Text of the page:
And, well, shit, this would have been a very nice time to lie to Lizzie, if I wasn’t sure she didn’t already know. I knew how, on those visits, Grandma enjoyed talking with Lizzie, keeping her granddaughter at the kitchen table long past bedtime with milkshake after milkshake, and with those tall, tall glasses of Port for herself. Across the room, Barbaras squinted out at us, and the way he tugged on his beard, he might have been sizing me up and gauging how I’d answer.

“No, your Grandma doesn’t love him,” I said. “Your Grandpa didn’t believe that anyone could ever only love just one other person. It was really important for him, um, to love a lot of people.”

Lizzie was taking all this pretty hard. She sat there so hunched over on the couch that I could imagine her sinking right down into the crack along the back of the cushions. There’s something to this fucking Valentine’s Day holiday that stomps on the throat of people when they’re hurting, and it’s easy to forget how it starts even when we’re kids. I wanted to sort things out for her, kind of in the way I had sorted things out for myself.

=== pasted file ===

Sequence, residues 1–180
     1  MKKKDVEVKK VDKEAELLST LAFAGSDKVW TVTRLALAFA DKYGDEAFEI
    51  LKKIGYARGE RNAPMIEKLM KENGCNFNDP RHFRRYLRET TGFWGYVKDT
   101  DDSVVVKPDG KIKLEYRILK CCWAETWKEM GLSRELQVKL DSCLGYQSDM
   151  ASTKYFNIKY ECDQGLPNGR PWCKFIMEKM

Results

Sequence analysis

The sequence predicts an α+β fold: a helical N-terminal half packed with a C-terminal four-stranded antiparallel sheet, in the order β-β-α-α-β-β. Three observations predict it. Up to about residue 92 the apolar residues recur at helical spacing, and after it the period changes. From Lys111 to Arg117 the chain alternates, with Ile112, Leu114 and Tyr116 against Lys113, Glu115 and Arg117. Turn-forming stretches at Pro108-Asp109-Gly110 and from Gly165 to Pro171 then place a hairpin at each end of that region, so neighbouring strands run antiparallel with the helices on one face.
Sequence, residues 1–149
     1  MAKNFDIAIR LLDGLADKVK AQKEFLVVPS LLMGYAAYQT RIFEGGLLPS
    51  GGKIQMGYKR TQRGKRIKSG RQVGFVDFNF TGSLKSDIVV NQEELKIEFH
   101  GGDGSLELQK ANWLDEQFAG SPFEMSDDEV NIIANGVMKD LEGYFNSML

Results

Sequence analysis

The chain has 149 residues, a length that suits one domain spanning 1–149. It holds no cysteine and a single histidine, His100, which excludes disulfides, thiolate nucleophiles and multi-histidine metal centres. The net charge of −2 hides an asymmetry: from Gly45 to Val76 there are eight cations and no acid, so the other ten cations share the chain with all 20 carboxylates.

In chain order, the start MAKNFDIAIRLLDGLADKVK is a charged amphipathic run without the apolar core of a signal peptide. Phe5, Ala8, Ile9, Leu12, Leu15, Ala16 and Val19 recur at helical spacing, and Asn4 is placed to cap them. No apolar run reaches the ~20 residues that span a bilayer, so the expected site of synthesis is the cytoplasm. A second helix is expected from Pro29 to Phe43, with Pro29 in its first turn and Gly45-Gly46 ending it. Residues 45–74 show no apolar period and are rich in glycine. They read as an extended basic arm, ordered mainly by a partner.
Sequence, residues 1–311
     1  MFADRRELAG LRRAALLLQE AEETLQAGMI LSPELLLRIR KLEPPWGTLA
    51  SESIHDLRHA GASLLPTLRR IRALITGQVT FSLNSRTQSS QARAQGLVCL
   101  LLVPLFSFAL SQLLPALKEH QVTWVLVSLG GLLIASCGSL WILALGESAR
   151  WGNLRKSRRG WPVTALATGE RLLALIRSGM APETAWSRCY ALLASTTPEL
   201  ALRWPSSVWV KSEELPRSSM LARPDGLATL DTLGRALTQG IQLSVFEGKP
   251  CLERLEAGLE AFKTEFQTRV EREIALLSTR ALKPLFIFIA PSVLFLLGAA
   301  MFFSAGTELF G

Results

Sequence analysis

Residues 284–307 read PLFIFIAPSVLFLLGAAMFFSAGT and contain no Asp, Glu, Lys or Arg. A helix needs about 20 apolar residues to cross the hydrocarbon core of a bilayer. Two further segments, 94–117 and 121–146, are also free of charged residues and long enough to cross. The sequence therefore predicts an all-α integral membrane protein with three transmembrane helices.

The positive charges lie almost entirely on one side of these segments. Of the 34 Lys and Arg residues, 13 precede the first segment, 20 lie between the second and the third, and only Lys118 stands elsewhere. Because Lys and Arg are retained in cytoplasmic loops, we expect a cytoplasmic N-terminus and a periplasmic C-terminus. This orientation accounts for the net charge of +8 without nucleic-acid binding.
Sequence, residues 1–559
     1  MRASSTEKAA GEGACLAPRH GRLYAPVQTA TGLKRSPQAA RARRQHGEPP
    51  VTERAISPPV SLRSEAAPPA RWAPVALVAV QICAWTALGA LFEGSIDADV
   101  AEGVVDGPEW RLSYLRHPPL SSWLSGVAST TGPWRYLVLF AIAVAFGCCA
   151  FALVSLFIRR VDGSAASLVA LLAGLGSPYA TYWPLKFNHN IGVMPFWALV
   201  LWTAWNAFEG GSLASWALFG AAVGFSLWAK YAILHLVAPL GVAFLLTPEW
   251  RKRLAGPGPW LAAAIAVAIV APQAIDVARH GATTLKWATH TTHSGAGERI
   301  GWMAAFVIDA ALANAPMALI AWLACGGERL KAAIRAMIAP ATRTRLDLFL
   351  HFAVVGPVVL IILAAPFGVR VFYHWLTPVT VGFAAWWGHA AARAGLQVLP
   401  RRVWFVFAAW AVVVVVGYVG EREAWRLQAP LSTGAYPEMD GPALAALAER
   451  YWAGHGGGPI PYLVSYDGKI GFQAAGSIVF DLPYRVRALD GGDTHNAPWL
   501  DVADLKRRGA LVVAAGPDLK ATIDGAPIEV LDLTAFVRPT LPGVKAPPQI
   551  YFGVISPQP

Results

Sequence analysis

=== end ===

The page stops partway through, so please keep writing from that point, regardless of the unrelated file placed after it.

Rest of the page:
So I did my best to explain why so many people divorce, or why people who say they love each other hurt one another, sometimes really badly, or how sometimes your love just runs out, or else the person who loves you might find someone who is nicer. I tried to say how, as best I could, even old married couples don’t love each other sometimes—but that’s okay—or how young couples don’t realize how happy they are, how lucky they are, because only the people who don’t have anyone can really know, can really see how even those young people’s worst days are made better—buoyed—you know, when they’re greeted at home by that little smile of the other person sitting on their couch, watching TV. How even if you don’t get that, it can be all okay, how someone doesn’t need another person to live.